A LANDLORD who placed his staff in danger by housing them in an inadequate flat above his restaurant has been ordered to shell out more than £4,000.
Kaher Zaman, 46, of Hormare Crescent, Storrington, admitted to breaching a prohibition order placed on him by Worthing Borough Council.
“In March, 2014, officers from the council found that a flat owned by Mr Zaman, registered as empty with council tax, was being used by at least four people,” said the council.
“Furthermore, there were no cooking or drinking water facilities within the flat and the rooms were overcrowded. There was also inadequate means of escape in the case of fire.”
Zaman used a flat above his Worthing restaurant – an Indian takeaway called Zaman in Warwick Street – to provide accommodation for staff working there, a council spokeswoman told the County Times.
The flat is above the restaurant but its address is given in court documents as Ann Street, behind Warwick Street, as this is where the entrance is located. After housing officers discovered the situation at the flat, they tried to contact the landlord.
However, the council said Zaman did not respond to any communication from officers.
Because of the high risk to the safety of any occupants, a prohibition order was served in July, 2014, by the council under the 2004 housing act, preventing the flat from being used for any purpose not approved by the council.
“However, when officers revisited the flat in September, 2014, they found that there were still people using the flat, and that no improvements had been carried out to make the property safe or to allow the order to be lifted,” said the council.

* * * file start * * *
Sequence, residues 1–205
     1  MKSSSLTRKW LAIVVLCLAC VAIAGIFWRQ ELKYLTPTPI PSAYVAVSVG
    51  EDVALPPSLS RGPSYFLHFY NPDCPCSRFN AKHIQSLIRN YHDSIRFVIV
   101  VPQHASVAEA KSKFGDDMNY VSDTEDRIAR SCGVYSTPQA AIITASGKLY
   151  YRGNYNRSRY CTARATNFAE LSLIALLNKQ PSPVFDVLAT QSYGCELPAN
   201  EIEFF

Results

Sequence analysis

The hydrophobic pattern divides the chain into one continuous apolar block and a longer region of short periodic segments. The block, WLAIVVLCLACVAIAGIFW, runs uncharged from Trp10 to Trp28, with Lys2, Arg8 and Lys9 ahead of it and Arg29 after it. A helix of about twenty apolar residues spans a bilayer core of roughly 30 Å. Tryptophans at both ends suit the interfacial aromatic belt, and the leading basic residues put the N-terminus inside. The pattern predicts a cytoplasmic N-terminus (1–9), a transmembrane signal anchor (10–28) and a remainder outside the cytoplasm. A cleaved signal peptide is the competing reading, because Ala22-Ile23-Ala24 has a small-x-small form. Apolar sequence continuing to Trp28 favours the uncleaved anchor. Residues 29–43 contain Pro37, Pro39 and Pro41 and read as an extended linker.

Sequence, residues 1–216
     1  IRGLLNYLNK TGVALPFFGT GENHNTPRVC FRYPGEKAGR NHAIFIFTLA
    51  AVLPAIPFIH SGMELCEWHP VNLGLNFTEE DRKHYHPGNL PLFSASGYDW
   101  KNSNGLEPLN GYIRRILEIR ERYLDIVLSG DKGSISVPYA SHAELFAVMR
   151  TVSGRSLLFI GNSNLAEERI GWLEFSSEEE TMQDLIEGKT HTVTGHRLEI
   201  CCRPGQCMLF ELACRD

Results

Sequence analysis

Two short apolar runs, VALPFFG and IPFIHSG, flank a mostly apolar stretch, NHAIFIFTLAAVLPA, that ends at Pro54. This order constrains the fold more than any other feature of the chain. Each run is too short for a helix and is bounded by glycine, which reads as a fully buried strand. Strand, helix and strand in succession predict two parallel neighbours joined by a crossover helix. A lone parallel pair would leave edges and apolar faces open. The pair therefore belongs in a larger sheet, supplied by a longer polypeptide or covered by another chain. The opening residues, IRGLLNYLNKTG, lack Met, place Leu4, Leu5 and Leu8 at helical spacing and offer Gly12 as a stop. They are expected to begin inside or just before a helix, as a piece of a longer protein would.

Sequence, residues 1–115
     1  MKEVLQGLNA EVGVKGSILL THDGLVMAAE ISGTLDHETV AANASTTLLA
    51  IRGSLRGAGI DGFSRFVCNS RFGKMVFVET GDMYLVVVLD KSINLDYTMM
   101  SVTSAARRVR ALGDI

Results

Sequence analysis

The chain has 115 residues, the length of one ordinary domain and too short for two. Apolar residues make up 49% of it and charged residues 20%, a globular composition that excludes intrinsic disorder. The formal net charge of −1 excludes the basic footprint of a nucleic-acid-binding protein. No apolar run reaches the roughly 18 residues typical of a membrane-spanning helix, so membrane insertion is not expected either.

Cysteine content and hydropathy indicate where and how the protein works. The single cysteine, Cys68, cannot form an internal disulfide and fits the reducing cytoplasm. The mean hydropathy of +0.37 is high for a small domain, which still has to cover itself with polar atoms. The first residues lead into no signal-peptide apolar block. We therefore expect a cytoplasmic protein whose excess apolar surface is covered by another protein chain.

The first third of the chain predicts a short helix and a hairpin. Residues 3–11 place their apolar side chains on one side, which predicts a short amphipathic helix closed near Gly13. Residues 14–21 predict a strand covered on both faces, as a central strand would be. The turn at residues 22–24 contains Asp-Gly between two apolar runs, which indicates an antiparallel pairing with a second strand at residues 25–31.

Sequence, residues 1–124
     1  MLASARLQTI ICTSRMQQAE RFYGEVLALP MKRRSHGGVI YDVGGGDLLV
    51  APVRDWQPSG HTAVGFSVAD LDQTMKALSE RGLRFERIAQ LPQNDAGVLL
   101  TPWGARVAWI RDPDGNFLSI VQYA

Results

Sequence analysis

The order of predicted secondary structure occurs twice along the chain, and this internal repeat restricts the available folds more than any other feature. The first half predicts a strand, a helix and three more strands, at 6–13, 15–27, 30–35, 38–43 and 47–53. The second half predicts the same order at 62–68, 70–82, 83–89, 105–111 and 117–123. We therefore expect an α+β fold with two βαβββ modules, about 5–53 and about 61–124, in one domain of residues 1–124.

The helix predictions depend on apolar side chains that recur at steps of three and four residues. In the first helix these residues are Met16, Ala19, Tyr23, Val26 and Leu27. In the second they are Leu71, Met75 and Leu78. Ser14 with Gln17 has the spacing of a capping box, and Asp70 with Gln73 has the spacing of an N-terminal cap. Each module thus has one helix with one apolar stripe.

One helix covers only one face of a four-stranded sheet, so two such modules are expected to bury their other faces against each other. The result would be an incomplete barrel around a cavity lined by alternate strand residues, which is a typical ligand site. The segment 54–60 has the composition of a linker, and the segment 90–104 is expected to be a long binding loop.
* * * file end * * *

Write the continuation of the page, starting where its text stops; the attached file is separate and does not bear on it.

“Although discussions were held with Mr Zaman and his surveyor in an attempt to improve conditions, a further inspection in May, 2015, revealed that the flat was still occupied. A rudimentary kitchen had been installed but in the fire escape route.”
Worthing Borough council described this as adding ‘an increased risk to the occupants’ and the case was referred to the council’s legal section for prosecution.
After pleading guilty to breaching the prohibition order at Worthing Magistrates’ Court on November 17, Zaman was fined a total of £4,864.09.
His offence was described as a ‘very serious matter’ and he was described as behaving ‘unreasonably’ by failing to take action to sort out the problems with the flat.
The total payout was made up of a £3,334 fine and he must also pay the council’s costs of £1,260.09, a surcharge of £120 and the newly-introduced criminal court charge of £150.
Reacting to the sentencing, councillor Heather Mercer, executive member for customer services, said: “The council cares about its residents and prohibition orders under the housing act are only served when there is a high risk to the health and safety of occupants.
“The owner of the flat ignored the officers and continued to place his staff in danger. The level of the fine and the comments made by the court shows that they take this type of offence seriously and supports the stance taken by our private sector housing team in pursuing formal action.”
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